Magneto Management

Your engine likely depends on century-old technology for ignition. The good news is the failure modes are well-known, predictable, and easy to diagnose and prevent.


Unless you’re lucky enough to fly a turbine or an engine with an electronic ignition system, the internal combustion engines you fly behind or between likely operate using a simple system involving a magnet, coil, condenser and contact points. As the spinny thing in the accessory case turns the magneto drive shaft, the magnet rotates and imparts electrical energy to the coil. When the points close, a jolt of electricity is sent from the coil to the respective spark plug wire to the attached spark plug and, kaboom, the cylinder fires. At least that’s the way it’s supposed to work.

Meanwhile, a second magneto does the same thing, preferably at the same time, to a second spark plug in the same cylinder. Between two magnetos and two spark plugs operating in sync, the engine will deliver power with a bit more efficiency than a conventional engine with only one spark plug per cylinder, everything else being equal. There’s also a so-called “dual” magneto, which uses only one drive shaft but fits two ignition harnesses. The design can simplify installation and maintenance but at the expense of some redundancy. And redundancy is always good.

The trusty magneto has been with us pretty much as long as internal combustion engines have been around, and the basic technology hasn’t change much in a century or so. With magnetos, spark-ignition engines don’t need an aircraft electrical system. Instead, they generate the electrical energy needed for ignition as long as they’re within specification and correctly synchronized (timed) internally and to the engine. They’re typically painted black and are mounted to the accessory case at the top rear of the engine. They should be easy to identify; they’re the accessories with the ignition harness wires leading off to the spark plugs.

Magnetos are a relatively simple electro-mechanical system, but they are subject to wear and tear, plus the stress of creating and releasing thousands of volts each minute. The nice thing about having a pair of magnetos is that one can fail and the engine still runs, just not quite as well. I know this because I have had the experience of a magneto failure, which ended with a safe landing at my home airport. 

Checking Your Magnetos

A major part of the pre-takeoff checklist in aircraft equipped with a typical spark-ignition engine is the magneto check. The checklist and/or the aircraft’s documentation will specify the maximum allowable rpm drop on one magneto and the maximum difference between the two. If the mags pass the check, we go fly. What if they don’t pass, or if there’s no rpm drop on one or both mags?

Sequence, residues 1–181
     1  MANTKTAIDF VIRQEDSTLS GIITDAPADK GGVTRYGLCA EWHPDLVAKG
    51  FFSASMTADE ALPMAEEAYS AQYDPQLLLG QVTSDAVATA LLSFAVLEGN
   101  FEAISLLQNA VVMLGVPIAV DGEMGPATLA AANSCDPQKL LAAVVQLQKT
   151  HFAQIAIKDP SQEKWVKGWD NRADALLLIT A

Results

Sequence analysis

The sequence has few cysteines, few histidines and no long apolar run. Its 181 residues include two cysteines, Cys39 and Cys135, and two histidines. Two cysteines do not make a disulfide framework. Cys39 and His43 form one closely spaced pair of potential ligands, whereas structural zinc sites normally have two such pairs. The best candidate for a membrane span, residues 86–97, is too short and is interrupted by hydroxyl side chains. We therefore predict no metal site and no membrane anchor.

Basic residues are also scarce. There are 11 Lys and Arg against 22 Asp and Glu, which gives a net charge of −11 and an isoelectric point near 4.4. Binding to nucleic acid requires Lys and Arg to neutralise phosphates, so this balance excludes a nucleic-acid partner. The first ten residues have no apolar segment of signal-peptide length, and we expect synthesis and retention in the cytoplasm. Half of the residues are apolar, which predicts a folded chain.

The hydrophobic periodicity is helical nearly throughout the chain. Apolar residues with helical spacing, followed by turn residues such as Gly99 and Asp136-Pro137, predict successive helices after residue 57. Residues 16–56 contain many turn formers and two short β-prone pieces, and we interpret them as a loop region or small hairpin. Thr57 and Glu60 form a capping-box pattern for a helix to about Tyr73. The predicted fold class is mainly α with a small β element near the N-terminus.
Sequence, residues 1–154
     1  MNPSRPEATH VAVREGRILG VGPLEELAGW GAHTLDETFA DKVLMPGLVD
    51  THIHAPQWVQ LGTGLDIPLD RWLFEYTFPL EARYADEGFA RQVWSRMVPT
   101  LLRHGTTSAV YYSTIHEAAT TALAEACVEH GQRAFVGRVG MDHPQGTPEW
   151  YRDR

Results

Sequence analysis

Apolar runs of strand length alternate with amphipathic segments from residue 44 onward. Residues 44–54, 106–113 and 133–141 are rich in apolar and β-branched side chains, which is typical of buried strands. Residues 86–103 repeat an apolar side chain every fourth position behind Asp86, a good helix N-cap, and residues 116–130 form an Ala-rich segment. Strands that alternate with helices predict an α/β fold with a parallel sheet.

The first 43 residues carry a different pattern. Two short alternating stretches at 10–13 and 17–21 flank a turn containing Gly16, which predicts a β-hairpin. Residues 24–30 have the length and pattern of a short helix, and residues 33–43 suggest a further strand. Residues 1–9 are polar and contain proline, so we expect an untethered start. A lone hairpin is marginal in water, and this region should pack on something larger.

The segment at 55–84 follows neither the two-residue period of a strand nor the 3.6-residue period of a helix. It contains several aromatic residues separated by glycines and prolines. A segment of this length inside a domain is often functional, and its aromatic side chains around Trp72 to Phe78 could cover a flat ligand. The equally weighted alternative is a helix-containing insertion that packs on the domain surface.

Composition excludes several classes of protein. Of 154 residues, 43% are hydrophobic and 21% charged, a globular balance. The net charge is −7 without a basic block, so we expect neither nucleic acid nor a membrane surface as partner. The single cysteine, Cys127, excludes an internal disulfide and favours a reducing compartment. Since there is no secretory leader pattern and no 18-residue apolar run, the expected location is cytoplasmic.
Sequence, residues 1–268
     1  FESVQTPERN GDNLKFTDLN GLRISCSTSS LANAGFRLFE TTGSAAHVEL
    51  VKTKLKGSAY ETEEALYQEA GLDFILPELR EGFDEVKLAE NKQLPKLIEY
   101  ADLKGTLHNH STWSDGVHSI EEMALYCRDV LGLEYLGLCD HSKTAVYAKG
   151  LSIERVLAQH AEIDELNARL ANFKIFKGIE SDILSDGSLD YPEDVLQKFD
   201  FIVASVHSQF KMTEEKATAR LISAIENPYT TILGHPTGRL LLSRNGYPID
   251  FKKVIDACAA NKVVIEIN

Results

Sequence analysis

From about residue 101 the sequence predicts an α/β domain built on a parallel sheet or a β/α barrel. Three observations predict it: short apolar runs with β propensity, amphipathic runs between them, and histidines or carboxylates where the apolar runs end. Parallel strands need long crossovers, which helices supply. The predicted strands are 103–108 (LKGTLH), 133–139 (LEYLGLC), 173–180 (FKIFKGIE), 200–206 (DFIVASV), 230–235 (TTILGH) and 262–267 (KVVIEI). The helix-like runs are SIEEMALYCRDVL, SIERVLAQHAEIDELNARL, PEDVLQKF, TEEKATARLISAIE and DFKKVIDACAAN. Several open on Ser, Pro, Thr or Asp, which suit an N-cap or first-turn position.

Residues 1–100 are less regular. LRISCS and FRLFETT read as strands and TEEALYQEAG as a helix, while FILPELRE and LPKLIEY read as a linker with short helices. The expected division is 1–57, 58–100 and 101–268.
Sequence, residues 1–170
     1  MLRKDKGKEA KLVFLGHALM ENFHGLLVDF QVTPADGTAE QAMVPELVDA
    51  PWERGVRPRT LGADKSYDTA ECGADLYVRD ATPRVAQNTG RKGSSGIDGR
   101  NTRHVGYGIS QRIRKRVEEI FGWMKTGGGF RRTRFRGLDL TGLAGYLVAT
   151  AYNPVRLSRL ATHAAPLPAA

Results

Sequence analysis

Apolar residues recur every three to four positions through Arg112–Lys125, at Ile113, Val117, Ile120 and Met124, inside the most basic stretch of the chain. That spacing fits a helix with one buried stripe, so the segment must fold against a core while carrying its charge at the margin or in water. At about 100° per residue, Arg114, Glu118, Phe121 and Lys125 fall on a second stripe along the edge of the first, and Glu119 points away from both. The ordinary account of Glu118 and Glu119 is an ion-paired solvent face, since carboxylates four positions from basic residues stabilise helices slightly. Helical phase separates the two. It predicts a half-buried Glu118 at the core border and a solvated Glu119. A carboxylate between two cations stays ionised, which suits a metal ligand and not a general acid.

Excessive RPM drop

An rpm drop exceeding specifications may be accompanied by a rough-running engine. If so, it’s possible one or more spark plugs are fouled with lead or even engine oil, and “burning off” the contamination may fix the problem. To do so, place the mag switch back on the offending mag and carefully lean the mixture. You should see the rpm rise slightly as you lean. When it peaks, stop leaning and let the engine run with that mixture setting for a few seconds. If the roughness disappears, congratulations, you’ve successfully burned off the fouled plug. Return the mixture control to its preferred setting and perform the complete mag check again. If the roughness doesn’t disappear, the test has failed and the aircraft isn’t airworthy. Contact a mechanic for evaluation and/or repairs, which may be as simple as replacing a bad spark plug.

  No rpm drop

If there’s no rpm drop on one or both magnetos, something’s wrong. Either the magneto switch is faulty or the offending magneto’s P-lead isn’t grounding it correctly. Either case means the aircraft isn’t airworthy and repairs are needed, which could be as simple as replacing the P-lead.

  In-flight/Shutdown checks

Magneto tests aren’t limited to before-takeoff checklists. Performing them in-flight, but not at full power, is certainly allowable, especially if you become concerned about a mag or spark plug. Back on the ground and before shutdown, checking the mags at low rpm is a good post-flight measure. —J.B.


Magnetos are mechanically driven by the engine, so there are bearings and couplings to worry about. For the electrical energy to jump from the coil to the spark plug wire, two pieces of metal—the contact points—have to make contact as the shaft rotates to convey the electricity. More opportunities for wear. The failure of the spark to make it across the contact points might be due to a bad capacitor, one with an open- or short-circuit failure. Due to age, the coil also may not be delivering adequate voltage. Worn contact points is another failure mode, perhaps due to arcing, which can result from the capacitor or coil being out of spec.

The beauty of a magneto is its simplicity. When one fails, it’s not dramatic, and will not result in a catastrophic engine failure unless both mags shoot craps at the same time. If that happens, the engine will stop running or might run rough (missing on one or more cylinders). Losing a magneto will not cause the engine to blow up or send a valve through the engine or blow a cylinder head. The engine just won’t make as much power. If you’re lucky, you may not even notice the failure until the next mag check.